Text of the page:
Flashcards in CNS Transmission Deck (42):
What are the sensory inputs?
What is an action potential?
Electrical signal along nerve
What is a neurotransmitter?
Chemical signal at nerve ending
What is the role of Ca at the pre-synaptic terminal?
Influx of Ca
Synaptic vesicles release neurotransmitter into synapse
Receptors detect and bind neurotransmitter
What is the main pre-ganglionic autonomic neurotransmitter and receptor?
What is the main sympathetic neurotransmitter and receptor?
a- and b-adrenoceptors
What is the main parasympathetic neurotransmitter and receptor?
What is the main somatic neurotransmitter and receptor?
What are the requirements for chemical neurotransmission?
- Vesicular content
- Na and K ion channels
- Ca influx
How is noradrenaline inactivated at the synapse?
Neuronal uptake - predominant removal
Metabolism - very small contribution
What is the pre-junctional receptor for noradrenaline?
Can drugs with peripheral actions also have effects on the CNS?
Yes, and dramatic ones, too
But only if they cross the BBB
Describe the uptake of noradrenaline at the synapse
- High affinity
- Low affinity
What does cocaine do at the synapse?
Block neuronal uptake of NA
Increased response when nerves activated
Does cocaine have dose-response effects?
South American Indians chewed leaf
- Slow absorption
- Low concentration
- Relief from
- Altitude sickness
- Pleasant subtle sense of well being
- Psychological dependence
Western society snorts, smokes, injects
- Fast absorption
- High concentration
- Intense euphoria
- Craving for more drug
- Psychological and physical dependence
- Psychotic symptoms, depression, anxiety, fatigue
- Peripheral effects: hypertension, tachycardia, coronary vasospasm, dysrhythmia, convulsions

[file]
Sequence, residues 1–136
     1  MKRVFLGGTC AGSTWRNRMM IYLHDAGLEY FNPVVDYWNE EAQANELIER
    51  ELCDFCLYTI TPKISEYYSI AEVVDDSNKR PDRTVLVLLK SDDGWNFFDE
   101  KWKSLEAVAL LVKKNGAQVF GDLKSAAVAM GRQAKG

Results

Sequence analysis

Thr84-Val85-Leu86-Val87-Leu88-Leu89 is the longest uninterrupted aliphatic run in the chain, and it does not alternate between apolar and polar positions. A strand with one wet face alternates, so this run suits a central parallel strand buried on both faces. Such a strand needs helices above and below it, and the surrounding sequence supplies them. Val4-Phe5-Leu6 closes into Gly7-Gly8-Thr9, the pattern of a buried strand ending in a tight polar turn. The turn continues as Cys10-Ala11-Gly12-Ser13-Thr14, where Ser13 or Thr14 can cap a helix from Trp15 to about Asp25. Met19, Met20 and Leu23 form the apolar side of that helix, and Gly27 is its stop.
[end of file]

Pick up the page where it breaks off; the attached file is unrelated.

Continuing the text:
What does amphetamine do at the synapse?
Displace noradrenaline from storage vesicles
- NA released even during low activity
Competes for uptake receptors
What are the functions associated with noradrenaline?
What are the catecholamines?
What type of chemical is serotonin?
What are the amino acid neurotransmitters?
What are the peptide neurotransmitters?
What is a gaseous neurotransmitter?
Which neurotransmitter, unlike others, is made on demand?
What is the distribution of neurotransmitters?
Others highly localised
Describe catecholamine synthesis
IC: Tyrosine hydroxylase > L-DOPA > doa decarboxylase > dopamine
Vesicle: Dopamine-b-hydroxylase > NA > phenyl-ethanolamine-N-methyl transferase > adrenaline
In which cells is adrenaline synthesised?
Adrenal chromaffin cells
Which nerves synthesises dopamine only?
Where are some areas of the brain to which noradrenergic pathways project?
Caudal raphe nuclei
Where are some areas of the brain to which dopaminergic pathways project?
What are some of the pathways in which dopamine is involved?
- Parkinson's: depletion of dopamine in basal ganglia
- Schizophrenia: changes in dopamine rich areas like:
- Frontal cortex
- Basal ganglia
- Temporal lobe
- Dopamine actions in nucleus accumbens and ventral tegmental area
- Prolactin secretion
- Chemoreceptor trigger zone outside BBB
- Less important
What neurotransmitter uptake does cocaine block?
What is cocaine's dopaminergic action linked to?
What type of channel does cocaine also block?
Happens at much higher concentrations
Can a synapse be excitatory AND inhibitory?
No, can only be one or the other
Can a neurotransmitter be excitatory AND inhibitory?
Yes, depending on which receptor is present
What type of receptor is a nicotinic receptor?
Ligand-gated ion channel
Na influx driven depolarisation
What type of receptor is a GABA A receptor?
Ligand-gated ion channel
Cl influx driven hyperpolarisation
What are post-synaptic receptors responsible for?
Action potential generation/modulation
What are pre-synpatic receptors responsible for?
What are neurotrophic factors secreted by glial cells involved in?
What is the role of glia in neurodegenerative diseases?
Loss of neuroprotective factors